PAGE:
NASA tests hibernation tech for future Mars mission
To dramatically cut the cost of its future manned missions to Mars, NASA is testing a sci-fi sounding technique of placing the crew in stasis. The deep sleep conditions would also reduce psychological challenges for the astronauts during the 180-day trip.
Adopting a technique commonly used in hospitals to bring about
stasis, or sleep, in patients undergoing critical care, NASA
partnered with Spaceworks, an aerospace engineering firm, to
research how inducing hibernation could benefit a crew traveling
for six months to Mars.
To bring about stasis astronauts would have their body temperature lowered to around 89-93 degrees Fahrenheit (31.6 - 33.9 Celsius) resulting in significant drop of the heart and respiration rates. To do so a tube will be inserted in their nose which releases a cooling agent while the sleeping crew member is fed through an intravenous tube. The crew would be kept in that condition for the entire trip or rotated in and out of deep sleep in shifts.
Awakening the astronaut would be done by either stopping the flow of the cooling agent, or by using warming pads to speed up the process, according to NASA. “A means for full cryo-preservation and restoration remains a long way off still,” NASA added in a statement.
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Exploring these techniques, NASA funded one week of tests on humans, and the results were promising. The agency says more research is needed, but if stasis proves feasible, it could reduce the overall mass of a Mars flight from 400 to 220 tons since it will reduce amounts of food, water and workout gear to bring a crew safely there and back.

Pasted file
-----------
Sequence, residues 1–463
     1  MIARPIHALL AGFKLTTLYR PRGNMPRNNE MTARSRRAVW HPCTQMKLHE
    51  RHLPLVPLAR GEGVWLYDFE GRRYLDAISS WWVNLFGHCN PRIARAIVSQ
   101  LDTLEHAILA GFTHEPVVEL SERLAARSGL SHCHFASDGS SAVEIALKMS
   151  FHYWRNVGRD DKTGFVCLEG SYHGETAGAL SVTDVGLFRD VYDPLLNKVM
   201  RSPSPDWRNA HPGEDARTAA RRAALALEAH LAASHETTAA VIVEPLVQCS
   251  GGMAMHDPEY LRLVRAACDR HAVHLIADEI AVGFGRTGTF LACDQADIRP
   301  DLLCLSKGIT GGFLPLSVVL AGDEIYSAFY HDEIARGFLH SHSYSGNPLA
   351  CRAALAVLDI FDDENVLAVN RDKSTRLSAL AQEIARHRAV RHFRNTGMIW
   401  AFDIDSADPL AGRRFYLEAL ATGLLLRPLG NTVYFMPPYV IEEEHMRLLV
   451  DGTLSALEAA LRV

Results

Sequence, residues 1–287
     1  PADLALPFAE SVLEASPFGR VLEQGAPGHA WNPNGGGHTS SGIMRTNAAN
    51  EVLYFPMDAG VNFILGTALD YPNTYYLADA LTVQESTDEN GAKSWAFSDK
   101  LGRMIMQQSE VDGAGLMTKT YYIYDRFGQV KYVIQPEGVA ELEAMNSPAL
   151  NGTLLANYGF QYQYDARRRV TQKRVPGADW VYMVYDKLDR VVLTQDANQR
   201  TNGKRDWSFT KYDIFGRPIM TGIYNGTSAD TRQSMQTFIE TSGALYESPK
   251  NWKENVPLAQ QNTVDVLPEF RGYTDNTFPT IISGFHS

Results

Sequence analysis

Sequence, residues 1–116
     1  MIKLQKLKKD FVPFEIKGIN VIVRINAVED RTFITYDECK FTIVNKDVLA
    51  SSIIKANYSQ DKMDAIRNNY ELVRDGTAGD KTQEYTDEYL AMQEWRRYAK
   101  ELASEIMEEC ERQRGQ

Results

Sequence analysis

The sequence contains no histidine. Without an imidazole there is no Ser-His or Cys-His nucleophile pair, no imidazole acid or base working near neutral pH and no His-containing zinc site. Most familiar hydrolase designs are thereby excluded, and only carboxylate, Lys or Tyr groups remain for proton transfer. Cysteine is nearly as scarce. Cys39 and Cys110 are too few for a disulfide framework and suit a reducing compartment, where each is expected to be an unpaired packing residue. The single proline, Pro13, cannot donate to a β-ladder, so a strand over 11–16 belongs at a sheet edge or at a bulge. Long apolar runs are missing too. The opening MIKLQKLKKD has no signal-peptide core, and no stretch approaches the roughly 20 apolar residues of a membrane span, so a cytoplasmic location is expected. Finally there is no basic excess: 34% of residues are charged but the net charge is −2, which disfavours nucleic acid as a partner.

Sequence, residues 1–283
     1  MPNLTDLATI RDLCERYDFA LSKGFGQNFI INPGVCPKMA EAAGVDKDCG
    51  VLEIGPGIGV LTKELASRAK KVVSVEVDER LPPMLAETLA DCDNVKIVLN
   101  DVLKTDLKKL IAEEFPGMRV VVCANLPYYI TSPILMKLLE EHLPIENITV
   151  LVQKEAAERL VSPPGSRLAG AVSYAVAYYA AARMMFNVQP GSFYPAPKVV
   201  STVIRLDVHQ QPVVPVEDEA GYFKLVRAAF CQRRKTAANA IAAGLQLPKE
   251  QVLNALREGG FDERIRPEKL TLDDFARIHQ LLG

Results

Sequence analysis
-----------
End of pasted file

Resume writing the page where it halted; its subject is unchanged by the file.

NASA Eyes Crew Deep Sleep Option for Mars Mission : Discovery News http://t.co/ec1uAdbdOn
— The Mars Society (@TheMarsSociety) October 5, 2014
Therapeutic torpor has evolved from a theory into a common tool
for treating critical care trauma patients in hospitals over the
past decades, Mark Schaffer, aerospace engineer for SpaceWorks
Enterprises said at the International Astronomical Congress in
Toronto last week.
“We haven't had the need to keep someone in (hibernation) for longer than seven days,” Schaffer said cited by Discovery. “For human Mars missions, we need to push that to 90 days, 180 days. Those are the types of mission flight times we're talking about.”
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Scientists have been studying torpor/hibernation in Black Bears, Arctic Ground Squirrel and Dwarf Lemur to understand the process that the animal undergoes and how those processes change on waking. These animals can typically hibernate from three to six months.
According to Spaceworks hibernation would cut the prohibitive expenses of maintaining a crew on its trip to Mars by reducing food needs, the need for pressurized volume for living quarters, cut out facilities like a food galley and exercise equipment, and minimize psychological challenges for the crew.
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